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results are in
post -election battles will be fiercer than the campaigns

Daoud al-Ali
The results of Iraq’s provincial elections are in – and they are far from conclusive. While the ruling State of Law bloc still leads, it’s clearly not as popular as it was. And various alliances…
9.05.2013  |  Baghdad

The initial results of Iraq’s recent provincial elections were announced by the country’s Independent High Electoral Commission or IHEC, the body responsible for conducting and overseeing the elections, on May 4.

And while the actual voting involved a fairly lacklustre polling day it seems the results may make for more interesting politics as major parties must seek coalition partners for local government.

The results have yet to be finalized as various appeals have yet to be heard. But it seems clear that there will some changes ahead in provincial government. Provincial authorities are influential in their own areas, having some control over security, economic development – and thereby, jobs – and how federal funds are used.

The election results indicate a shift in the balance of power in Iraqi politics, local political analyst, Ihsan al-Shammari, a lecturer at Baghdad University, told NIQASH. Al-Shammari thought that the provincial elections could also be seen as an indicator of how the country will vote in the next federal elections, due in 2014. “In these elections, the battles to build coalitions will be fiercer than the electoral campaigns," he said.

While the coalition led by Iraq’s current Prime Minister Nouri al-Maliki still retained its lead in provincial government in seven of the 12 states where elections were held, it also lost a lot: about a third of the seats it had had after the 2009 provincial elections. All up, al-Maliki’s State of Law bloc got 97 seats in provincial government but it didn’t achieve an absolute majority in any one province. A lot of those losses came from the Prime Minister’s own Dawa party. And the losses came despite al-Maliki’s alliances with various influential Shiite Muslim parties such as the Badr organization.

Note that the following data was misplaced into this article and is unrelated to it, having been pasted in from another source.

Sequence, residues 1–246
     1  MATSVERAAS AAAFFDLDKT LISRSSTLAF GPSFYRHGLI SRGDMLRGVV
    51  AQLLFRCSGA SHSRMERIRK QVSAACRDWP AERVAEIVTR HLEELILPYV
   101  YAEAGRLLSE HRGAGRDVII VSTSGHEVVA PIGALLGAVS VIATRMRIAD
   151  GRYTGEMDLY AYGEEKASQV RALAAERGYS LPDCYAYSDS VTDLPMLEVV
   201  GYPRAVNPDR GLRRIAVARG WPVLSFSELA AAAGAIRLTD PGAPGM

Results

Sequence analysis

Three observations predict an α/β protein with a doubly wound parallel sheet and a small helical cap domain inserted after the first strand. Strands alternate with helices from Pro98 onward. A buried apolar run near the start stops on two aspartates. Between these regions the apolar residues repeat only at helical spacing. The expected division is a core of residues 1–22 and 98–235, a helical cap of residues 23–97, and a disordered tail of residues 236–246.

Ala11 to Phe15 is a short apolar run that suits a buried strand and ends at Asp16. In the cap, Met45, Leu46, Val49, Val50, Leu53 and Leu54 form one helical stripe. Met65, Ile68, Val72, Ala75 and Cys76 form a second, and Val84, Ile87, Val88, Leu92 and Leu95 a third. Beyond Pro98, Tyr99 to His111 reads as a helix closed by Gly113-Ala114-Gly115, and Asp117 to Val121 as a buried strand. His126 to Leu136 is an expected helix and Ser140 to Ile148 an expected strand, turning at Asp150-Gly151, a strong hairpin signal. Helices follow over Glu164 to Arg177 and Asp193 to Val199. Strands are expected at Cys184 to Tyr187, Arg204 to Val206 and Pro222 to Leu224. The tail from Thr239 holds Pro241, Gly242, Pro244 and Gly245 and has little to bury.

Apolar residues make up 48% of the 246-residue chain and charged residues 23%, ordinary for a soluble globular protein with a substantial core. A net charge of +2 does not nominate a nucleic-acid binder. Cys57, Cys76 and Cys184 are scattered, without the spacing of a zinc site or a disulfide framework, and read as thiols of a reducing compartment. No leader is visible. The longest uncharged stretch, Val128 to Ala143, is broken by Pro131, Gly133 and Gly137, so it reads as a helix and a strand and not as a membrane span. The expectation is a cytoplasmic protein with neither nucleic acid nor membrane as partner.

Meanwhile other Shiite Muslim dominated parties did particularly well. The Prime Minister’s former allies, the Sadrist movement, won 58 seats and the Islamic Supreme Council of Iraq, currently led by young cleric Ammar al-Hakim, won 61. Between them the two groups have 118 seats around the country. Some analysts suggest that the two may form a closer alliance, something which would doubtless concern al-Maliki’s State of Law coalition, with it’s around 20 fewer seats.

Should the two Shiite Muslim-dominated parties choose to get together they would effectively prevent al-Maliki’s bloc from dominating Iraq’s southern provincial councils, as it has done in the past. Such an alliance could also take control of provincial authorities in Baghdad.

“In previous elections we only won 41 seats in all Iraq’s provinces but today, we can form the alliances we want,” Diaa al-Asadi said at a press conference after the election results were announced. Al-Asadi heads the Ahrar bloc in Iraq’s Parliament, the political wing of the Sadrist movement, a multi-million-member group that follows crusading Shiite Muslim cleric Muqtada al-Sadr; he says his party counts itself as one of the most successful in these elections because of the gain in seats.

“We are now negotiating with all the lists and there is debate and dialogue going on. We haven’t yet made our final decisions as to whom we might enter into coalitions with,” said al-Asadi in his press conference.

Still, one cannot forget the skill with which the State of Law bloc has managed to build coalitions over recent years. And it may still be difficult for the Sadrists or Islamic Supreme Council to form alliances in various provinces. For example, the Iraqi Communist Party did comparatively well, winning most of the 10 seats that its bloc gained around the country.

“Even though we didn’t spend anything near what other parties did, we got good results with our campaigning,” Jassim al-Hilfi, a member of the central committee of the Iraqi Communist Party, told NIQASH. And it’s not just a change in law about smaller parties that’s helped parties like his do better. “There’s a change in the Iraqi people’s mood,” he says. “And that is due to poor state services and other conflicts.”